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I am currently doing a project on foundation of mathematics. Set theory and category theory are two different approaches to describe the core principles. ZFC is an axiomatic system which is inspired by set theory that is commonly accepted as the foundation of maths. Then there's also ETCS axiomatisation which has categorical origins.

I am looking into category theory as of now to have a better undertstanding of the context and motivation behing ETCS and looking to interpret ETCS in ZFC. However, i am very overwhelmed and not sure where to start my research into category theory and struggling to find any good reasources that shows the connection between the two axiomatic systems. So i would greatly appreciate if you guys could let me know some good introductory resources.

Thank you in advance.

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    $\begingroup$ "From my understanding there is not a formal foundation for mathematics." What exactly does that mean? Why does $\mathsf{ZFC}$ not count as a formal foundation for mathematics? $\endgroup$ Jan 28 at 19:41
  • $\begingroup$ From what i have read so far ZFC commonly accepted as one of the foundation of maths. But theres many axiomatic systems that can also be used as the foundation. $\endgroup$
    – Elise
    Jan 28 at 22:03
  • $\begingroup$ But you wrote "there is not a formal foundation for mathematics," and that's false: there's one standard, and multiple alternatives. $\endgroup$ Jan 28 at 22:04
  • $\begingroup$ I have now edited my post $\endgroup$
    – Elise
    Jan 28 at 22:21
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The most introductory material related to ETCS is Trimble’s informal notes starting here: https://ncatlab.org/nlab/show/Trimble+on+ETCS+I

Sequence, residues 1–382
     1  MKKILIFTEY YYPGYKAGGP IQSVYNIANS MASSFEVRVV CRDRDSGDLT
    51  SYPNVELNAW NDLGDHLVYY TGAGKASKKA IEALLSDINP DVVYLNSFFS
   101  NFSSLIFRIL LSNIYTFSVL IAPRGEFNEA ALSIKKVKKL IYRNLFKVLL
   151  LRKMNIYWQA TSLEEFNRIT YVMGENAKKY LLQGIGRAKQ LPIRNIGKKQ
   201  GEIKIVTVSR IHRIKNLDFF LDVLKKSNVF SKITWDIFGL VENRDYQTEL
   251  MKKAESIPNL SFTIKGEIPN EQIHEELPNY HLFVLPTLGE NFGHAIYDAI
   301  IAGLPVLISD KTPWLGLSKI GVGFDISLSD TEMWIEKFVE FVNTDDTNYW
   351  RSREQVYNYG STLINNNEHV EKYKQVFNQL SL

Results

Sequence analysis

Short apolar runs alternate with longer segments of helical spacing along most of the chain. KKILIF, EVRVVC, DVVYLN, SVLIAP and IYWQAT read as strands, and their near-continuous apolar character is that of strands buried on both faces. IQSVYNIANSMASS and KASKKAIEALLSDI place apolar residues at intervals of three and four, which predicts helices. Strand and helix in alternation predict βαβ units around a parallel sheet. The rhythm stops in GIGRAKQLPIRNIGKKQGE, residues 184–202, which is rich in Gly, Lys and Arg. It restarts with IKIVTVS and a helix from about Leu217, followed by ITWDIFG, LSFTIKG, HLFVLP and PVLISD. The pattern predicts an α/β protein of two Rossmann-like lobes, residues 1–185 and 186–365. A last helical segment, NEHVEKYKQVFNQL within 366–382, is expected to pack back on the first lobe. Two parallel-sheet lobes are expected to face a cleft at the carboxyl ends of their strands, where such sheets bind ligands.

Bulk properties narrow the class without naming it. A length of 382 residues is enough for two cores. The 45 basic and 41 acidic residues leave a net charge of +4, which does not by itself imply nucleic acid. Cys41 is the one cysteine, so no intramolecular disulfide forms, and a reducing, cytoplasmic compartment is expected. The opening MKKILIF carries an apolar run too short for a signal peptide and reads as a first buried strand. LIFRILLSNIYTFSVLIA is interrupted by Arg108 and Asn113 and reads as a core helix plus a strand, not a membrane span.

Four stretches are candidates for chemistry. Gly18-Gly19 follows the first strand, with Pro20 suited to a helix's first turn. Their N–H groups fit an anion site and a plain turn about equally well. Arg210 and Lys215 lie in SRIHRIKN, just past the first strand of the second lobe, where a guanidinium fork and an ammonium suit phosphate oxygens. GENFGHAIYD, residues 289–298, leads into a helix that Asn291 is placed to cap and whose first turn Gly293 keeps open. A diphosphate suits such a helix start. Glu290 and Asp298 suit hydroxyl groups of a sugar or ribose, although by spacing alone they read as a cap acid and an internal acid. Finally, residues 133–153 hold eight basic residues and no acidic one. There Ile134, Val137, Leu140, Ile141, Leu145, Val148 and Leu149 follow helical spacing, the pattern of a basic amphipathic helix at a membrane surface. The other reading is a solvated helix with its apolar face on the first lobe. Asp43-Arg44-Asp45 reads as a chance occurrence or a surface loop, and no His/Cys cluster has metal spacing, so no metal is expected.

However, this may not be introductory enough, depending on your background, since you say you’re quite new to category theory. Leinster’s book Basic Category Theory is where’d I’d usually send an undergraduate (my best guess at your level, do let me know if I’ve misjudged) wanting to learn some category theory proper, which is likely to be necessary to understand much about ETCS. You would also likely find Lawvere and Rosebrugh’s book Sets for Mathematics a useful and initially gentle introduction to both category theory and how it thinks about set theory.

It might be worth noting a warning here that ETCS is not explicitly used as a logical foundation by any (as far as I know) working mathematicians in the way that ZFC is. Rather it purports to better explicate how such mathematicians actually assume sets to behave. Thus the purposes of the two systems are not perfectly comparable. Penelope Maddy’s papers on “believing the axioms” might be a good starting point if you hope to clarify your thoughts about what exactly a foundation is for.

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